I was struck, mainly in Ubud, by the amount of women begging on the streets. Women that often had children with them, which I had every reasons to believe were theirs.
However, no matter how sorry I felt for them, I never gave them money. That is a personal choice. Since I can’t tell if the money will better their situation or not, I refrain from handing out charity that could be misused. Last thing I would want is to contribute to a bigger problem. Also, since the funds I can give away are limited, I would want to make sure they have the most impact. Which is why I prefer contributing to concrete social solidarity projects. I had to keep reminding myself of this as I witnessed some very poignant poverty.
I spoke to Arya about this and I was horrified when I was informed of the reality of it. Bali has organized begging rings. These women actually have “agents” who decide the repartition of the begging women. When the women come back at the end of the day, they hand in the collected money in exchange for food, shelter and protection. Remember, the children I mentioned? They are not theirs. The women actually rent these children to boost the money they get.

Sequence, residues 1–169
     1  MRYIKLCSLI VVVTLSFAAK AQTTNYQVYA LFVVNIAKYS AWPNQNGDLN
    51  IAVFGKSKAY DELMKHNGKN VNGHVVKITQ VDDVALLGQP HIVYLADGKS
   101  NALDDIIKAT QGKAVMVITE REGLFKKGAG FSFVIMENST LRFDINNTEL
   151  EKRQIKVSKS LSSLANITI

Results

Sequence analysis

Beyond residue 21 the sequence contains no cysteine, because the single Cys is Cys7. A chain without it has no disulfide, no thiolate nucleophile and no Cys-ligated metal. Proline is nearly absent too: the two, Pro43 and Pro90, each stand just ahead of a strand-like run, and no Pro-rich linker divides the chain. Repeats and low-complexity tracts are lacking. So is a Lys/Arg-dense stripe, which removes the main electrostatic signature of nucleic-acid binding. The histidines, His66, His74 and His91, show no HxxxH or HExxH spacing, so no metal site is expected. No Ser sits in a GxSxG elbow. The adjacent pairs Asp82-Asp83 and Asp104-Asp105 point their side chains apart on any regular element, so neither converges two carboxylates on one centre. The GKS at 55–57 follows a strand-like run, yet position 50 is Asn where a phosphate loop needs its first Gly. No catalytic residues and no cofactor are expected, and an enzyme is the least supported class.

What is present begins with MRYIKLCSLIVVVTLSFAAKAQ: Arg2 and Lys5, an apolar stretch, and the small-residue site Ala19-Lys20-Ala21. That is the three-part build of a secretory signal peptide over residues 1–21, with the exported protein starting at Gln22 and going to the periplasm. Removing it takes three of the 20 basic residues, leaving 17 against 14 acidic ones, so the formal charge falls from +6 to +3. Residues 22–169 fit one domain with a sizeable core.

In Bali, school is mandatory at the elementary level. This explains why women only beg with newborns, toddlers and preschool children.
The begging situation in South East Asian countries and Indonesian countries is complex. I spoke with a fellow traveler who recounted a trip to Vietnam, where she witnessed babies being drugged to look amorphous and sick, because they could bring in more money this way.
I consider this to be a very good example of why tourist need to be aware of every action they take and their consequence. It wouldn’t do to inadvertently contribute to a bigger problem while trying to do good.